Facebook is rapidly changing, reinventing, developing, and creating the most innovated tools and code. To do this, they rely on a large team of engineers to develop, assemble, test, and push code. As Facebook has grown, little has changed in regards to the day-to-day of their computer science and engineering people. To describe a day in the life of a Facebook engineer, consulting an engineer that works at Facebook will shed the most accurate light on the day-to-day of such a prestigious position. 

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Keith Adams has been working at Facebook for over three years now, and works primarily with an intimate group that develops using PHP and HipHop Virtual Machine (HHVM). To begin his day, Keith gets into his office and spends from 8am – 11am coding. This is time that he sets aside on his calendar to not be interrupted by meetings, or other distractions. He says that this is the best time for him to get uninterrupted coding and developing done. Often he will work on problems that arise in meetings and communications later in the day or overnight.

After the initial coding session of the day, he will have a nice lunch in the famed Facebook cafeteria. If there is one thing tech companies have learned – the best way to an engineer’s loyalty is through his stomach.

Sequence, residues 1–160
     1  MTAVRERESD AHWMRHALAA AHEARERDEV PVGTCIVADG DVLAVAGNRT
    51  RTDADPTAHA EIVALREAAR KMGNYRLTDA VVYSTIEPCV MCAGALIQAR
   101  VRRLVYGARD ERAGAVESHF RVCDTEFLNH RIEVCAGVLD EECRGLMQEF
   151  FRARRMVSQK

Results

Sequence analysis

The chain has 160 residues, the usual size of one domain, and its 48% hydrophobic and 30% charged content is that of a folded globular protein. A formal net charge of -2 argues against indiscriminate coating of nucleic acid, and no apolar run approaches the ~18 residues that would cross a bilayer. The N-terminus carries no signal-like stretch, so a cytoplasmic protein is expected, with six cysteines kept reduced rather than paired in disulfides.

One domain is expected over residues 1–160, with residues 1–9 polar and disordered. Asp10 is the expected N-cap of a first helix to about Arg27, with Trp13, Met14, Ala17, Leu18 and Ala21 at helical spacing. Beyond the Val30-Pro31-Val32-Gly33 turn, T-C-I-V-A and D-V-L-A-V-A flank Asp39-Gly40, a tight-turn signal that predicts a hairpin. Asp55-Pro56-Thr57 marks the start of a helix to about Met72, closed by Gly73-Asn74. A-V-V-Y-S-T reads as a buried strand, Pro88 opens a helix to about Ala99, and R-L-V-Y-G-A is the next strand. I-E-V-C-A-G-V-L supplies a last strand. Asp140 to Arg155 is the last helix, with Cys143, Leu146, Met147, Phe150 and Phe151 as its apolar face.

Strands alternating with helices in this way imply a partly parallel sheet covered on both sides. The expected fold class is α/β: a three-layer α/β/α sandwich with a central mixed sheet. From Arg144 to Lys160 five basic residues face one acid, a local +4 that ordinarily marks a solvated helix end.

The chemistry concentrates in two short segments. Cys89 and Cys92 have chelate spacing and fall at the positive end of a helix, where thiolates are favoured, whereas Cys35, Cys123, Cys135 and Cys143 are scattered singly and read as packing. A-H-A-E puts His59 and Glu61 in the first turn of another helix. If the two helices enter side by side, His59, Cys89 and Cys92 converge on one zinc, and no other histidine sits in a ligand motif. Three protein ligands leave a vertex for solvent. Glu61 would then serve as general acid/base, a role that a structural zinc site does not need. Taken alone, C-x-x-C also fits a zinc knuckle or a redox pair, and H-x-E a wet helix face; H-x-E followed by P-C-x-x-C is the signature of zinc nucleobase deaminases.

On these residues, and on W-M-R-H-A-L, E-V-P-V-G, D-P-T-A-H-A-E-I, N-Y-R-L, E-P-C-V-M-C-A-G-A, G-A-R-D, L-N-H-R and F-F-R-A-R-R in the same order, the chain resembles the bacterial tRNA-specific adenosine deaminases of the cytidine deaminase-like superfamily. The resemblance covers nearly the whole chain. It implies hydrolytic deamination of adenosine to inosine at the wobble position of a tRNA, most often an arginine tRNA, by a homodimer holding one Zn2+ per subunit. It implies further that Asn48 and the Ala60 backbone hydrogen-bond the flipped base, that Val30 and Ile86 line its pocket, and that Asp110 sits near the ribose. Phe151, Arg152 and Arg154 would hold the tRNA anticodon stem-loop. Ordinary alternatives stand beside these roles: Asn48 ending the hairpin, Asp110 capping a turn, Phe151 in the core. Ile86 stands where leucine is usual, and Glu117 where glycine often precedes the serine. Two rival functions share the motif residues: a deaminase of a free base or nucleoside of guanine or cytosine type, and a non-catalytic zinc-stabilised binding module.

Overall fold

The second half of the day is generally spent in meetings or doing communication with other engineers on problems that have arisen, new designs, and potential ideas for the future. This part of the day is often reserved for working through code and problems with other engineers in a collaborative environment. The HHVM team will work together, coding, brain storming, and collaborating on issues from a live push, code errors, or ideas for new products that have been directed by the product design team.

Most of the work that is done at Facebook HQ is through Facebook itself. Groups are established for the different groups of engineers, designers, and developers, similar to those that the general public might find themselves in. The communication is done largely through Facebook which also helps to create a sense of realness in the products they are creating. Once a week the whole HHVM team meets in person to discuss and recap what is going on. A sort of status meeting that keeps everyone on the same page.
For Keith, whether he is in a meeting, hiring another engineer, or communicating in a Facebook group, the end result is to support the coding that he does. Often he finds that when it comes to his job, “You need everything else, but it’s all life-support for the actual coding.” The bottom line is that his job primarily revolves around coding; writing code, fixing old code, troubleshooting new code, and launching code.

Another requirement of Facebook engineers is an on-call period. Keith says that for a total of four weeks out of the year he is on-call for emergency issues at Facebook. These are issues that arise in the middle of the night and need to be looked at and troubleshot immediately. Although this is one of the more stressful parts of his job, in the last year, he has not been called once while being on-call.

Facebook has become the proverbial Mecca for software, computer, and electrical engineers. While the majority of the day is spent building, deconstructing, and evaluating code and software, there are still many day-to-day aspects that are the same as any other company. While Facebook may be the shiny light at the end of the tunnel for many engineers, the truth is that to succeed in any tech company, hard work, love for your job, and dedication to the vision of the company always needs to be in sight.